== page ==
While this is the second time the gas pipeline has been blown up, there was an unsuccessful attempt a month ago. The reason the pipeline is such a major target is that Egypt supplies Israel with about 40 percent of its natural gas, which the country relies on to produce its supply of electricity.
Israeli officials on Wednesday called for the country to find ways to reduce its dependency on other countries for gas, and urged the government to quickly develop newly found gas fields off the coast of Israel. Israel Electric Company said it had enough gas in the pipeline for the next few days and then would switch to alternative fuels such as coal and diesel to produce electricity.
Exploratory drilling off Israel’s northern coast this past December confirmed the existence of a major natural gas field — one of the world’s largest offshore gas finds of the past decade — leading the country’s infrastructure minister to call it “the most important energy news since the founding of the state.”
The US Geological Survey released a report saying the Levant Basin Province, which runs up the Mediterranean Sea the length of Israel (see above), through Lebanon and the bottom tip of Syria, contains an estimated 1.7 billion barrels of Oil and 122 TCF of natural gas (that’s the best guess estimate; some project the actual reserves may be double).
Since the overthrow of Hosni Mubarak, Egyptian natural gas sales to Israel have become a major issue. In fact, Egyptian authorities have extended Mubarak’s detention to question him regarding the gas deal with Israel, in which Egypt lost more than $714 million (according to the Egyptians). Candidates to replace Mubarak have said they plan to renegotiate the contract with Israel.
The fact that the pipeline has become a flash-point and the attitude of the Egyptian people, it is clear that Israel will have to redouble its efforts to tap those wells as soon as possible.
Gas and peace with Egypt are not the only Middle East crisis points exposed by the overthrow of Hosni Mubarak. For years, Mubarak was the intermediary in reunification talks between President Abbas’ Fatah and Hamas. Mubarak had always insisted that in order for the deal to be made, Hamas must find a way to recognize Israel or the possibility of peace with Israel (ironically the Fatah party charter also refuses to recognize Israel).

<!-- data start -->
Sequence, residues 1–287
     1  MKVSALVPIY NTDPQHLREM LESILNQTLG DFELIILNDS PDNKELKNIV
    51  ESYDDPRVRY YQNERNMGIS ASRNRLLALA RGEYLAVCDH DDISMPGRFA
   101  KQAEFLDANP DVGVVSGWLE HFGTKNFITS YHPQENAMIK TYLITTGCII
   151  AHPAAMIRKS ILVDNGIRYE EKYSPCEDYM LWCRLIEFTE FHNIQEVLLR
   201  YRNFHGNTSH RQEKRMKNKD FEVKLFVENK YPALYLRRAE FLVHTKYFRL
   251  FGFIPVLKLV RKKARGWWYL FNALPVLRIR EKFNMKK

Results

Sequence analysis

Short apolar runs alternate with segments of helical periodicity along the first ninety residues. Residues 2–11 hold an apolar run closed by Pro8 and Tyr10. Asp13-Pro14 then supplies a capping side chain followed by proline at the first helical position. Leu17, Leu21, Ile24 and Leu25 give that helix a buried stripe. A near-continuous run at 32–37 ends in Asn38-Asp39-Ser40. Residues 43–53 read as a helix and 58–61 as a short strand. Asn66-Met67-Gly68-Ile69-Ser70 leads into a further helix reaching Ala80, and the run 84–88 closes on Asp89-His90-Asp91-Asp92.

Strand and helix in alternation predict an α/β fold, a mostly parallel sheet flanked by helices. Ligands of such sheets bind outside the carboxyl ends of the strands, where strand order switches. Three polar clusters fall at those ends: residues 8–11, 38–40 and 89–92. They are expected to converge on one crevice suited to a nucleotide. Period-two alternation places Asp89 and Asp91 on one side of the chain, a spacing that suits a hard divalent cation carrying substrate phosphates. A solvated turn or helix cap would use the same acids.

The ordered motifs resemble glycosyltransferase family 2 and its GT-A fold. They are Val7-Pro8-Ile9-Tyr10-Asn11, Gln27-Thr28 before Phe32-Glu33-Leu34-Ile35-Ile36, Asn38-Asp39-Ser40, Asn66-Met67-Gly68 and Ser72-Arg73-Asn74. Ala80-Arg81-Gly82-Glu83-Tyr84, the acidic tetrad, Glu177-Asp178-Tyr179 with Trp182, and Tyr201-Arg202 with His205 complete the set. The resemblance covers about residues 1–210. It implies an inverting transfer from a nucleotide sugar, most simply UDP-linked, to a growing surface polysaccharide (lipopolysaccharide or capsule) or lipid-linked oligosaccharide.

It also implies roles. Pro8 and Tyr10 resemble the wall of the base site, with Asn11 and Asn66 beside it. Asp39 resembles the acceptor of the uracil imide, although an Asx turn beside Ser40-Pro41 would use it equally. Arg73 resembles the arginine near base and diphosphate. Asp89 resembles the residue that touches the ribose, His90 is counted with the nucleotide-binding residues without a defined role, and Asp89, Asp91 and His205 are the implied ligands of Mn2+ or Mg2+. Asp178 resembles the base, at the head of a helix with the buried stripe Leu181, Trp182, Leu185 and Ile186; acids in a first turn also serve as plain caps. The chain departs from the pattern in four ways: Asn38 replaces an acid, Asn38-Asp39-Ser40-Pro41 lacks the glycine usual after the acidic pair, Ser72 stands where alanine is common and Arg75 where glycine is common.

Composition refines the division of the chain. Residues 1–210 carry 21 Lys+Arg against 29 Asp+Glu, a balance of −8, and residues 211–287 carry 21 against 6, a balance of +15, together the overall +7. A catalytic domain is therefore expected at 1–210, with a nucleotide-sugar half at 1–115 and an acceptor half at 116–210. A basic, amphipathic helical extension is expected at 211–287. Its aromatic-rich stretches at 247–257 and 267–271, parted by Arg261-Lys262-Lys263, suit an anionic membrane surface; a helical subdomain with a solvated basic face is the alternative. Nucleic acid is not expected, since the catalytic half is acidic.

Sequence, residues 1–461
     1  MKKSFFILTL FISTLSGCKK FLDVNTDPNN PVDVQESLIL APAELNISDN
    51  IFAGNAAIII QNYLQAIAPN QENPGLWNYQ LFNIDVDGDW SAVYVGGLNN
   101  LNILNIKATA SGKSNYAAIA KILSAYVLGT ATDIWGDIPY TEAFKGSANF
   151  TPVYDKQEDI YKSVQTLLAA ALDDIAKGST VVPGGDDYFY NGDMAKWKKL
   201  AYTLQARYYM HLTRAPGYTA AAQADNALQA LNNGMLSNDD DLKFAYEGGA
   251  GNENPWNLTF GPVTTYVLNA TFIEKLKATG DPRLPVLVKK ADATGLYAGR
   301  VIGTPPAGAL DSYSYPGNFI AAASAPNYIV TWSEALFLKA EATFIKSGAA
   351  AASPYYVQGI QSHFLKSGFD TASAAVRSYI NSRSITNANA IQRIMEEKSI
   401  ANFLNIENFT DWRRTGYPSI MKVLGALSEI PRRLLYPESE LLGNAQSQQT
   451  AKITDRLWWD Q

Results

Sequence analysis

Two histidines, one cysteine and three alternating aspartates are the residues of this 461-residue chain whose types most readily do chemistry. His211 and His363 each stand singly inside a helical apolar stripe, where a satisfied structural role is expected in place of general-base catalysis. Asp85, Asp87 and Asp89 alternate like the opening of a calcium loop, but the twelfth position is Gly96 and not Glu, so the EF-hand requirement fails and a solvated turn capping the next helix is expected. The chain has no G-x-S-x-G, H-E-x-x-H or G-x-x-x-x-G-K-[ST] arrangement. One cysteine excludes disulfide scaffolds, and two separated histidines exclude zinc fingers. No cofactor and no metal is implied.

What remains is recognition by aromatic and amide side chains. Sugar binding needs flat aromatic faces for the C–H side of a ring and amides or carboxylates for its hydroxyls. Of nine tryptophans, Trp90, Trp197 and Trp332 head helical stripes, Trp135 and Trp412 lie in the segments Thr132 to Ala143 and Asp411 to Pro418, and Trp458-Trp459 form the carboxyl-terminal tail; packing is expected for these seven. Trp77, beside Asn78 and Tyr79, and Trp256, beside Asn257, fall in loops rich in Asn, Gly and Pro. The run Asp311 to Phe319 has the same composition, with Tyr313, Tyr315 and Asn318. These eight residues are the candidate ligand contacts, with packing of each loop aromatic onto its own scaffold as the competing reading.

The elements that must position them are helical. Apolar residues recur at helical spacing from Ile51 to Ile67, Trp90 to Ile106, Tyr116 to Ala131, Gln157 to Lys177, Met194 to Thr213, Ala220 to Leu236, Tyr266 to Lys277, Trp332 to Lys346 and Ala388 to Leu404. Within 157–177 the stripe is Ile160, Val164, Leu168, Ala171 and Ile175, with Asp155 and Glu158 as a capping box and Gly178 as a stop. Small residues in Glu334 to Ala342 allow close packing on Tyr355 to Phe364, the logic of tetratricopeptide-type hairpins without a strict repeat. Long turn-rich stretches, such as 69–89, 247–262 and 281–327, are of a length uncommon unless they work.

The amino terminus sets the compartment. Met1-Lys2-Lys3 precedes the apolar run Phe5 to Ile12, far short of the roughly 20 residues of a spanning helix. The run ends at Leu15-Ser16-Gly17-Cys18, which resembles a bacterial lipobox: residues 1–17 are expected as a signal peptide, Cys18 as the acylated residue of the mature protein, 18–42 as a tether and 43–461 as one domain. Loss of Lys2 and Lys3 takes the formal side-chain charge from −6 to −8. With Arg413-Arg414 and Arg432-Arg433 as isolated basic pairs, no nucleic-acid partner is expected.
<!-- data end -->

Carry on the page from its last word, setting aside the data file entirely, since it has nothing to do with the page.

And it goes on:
Today with Mubarak gone, Hamas and Fatah have announced a reconciliation deal. While no details have been announced, based on previous statements it is almost certain that Hamas will not have to change its violent anti-Israel stance as part of the deal. It is also certain that if the unification deal sticks, and Hamas retains its stance about the destruction of Israel, the E.U. and possibly even the United States will recognize the new terrorist government. This will add momentum to the Palestinian’s goal of a unilateral declaration of statehood in September.
An article by Ryan Lizza in this week’s New Yorker gives the answer. The article called, “The Consequentialist (How the Arab Spring remade Obama’s foreign policy)” ends on an unusual note:
Nonetheless, Obama may be moving toward something resembling a doctrine. One of his advisers described the President’s actions in Libya as “leading from behind.” That’s not a slogan designed for signs at the 2012 Democratic Convention, but it does accurately describe the balance that Obama now seems to be finding. It’s a different definition of leadership than America is known for, and it comes from two unspoken beliefs: that the relative power of the U.S. is declining, as rivals like China rise, and that the U.S. is reviled in many parts of the world. Pursuing our interests and spreading our ideals thus requires stealth and modesty as well as military strength. “It’s so at odds with the John Wayne expectation for what America is in the world,” the adviser said. “But it’s necessary for shepherding us through this phase.”
Leading from behind does not work. First of all true leadership starts with a call to “follow me!” not “go ahead and I will follow.” Secondly it ignores the fact that pure military might is respected in the Arab world, and the inconstancy of Obama’s “leading from behind” strategy is seen as nothing but weakness by the radical Islamist elements in the region.
Putting it all together, it seems as if the overthrow of Mubarak brings the Middle East much closer to a major war than ever before. Not that it could have been prevented; Hosni Mubarak had been unpopular for a long time. The real question is could our president have better managed the situation to ensure that the Egyptian government was turned over to more moderate elements? And there the answer is absolutely yes.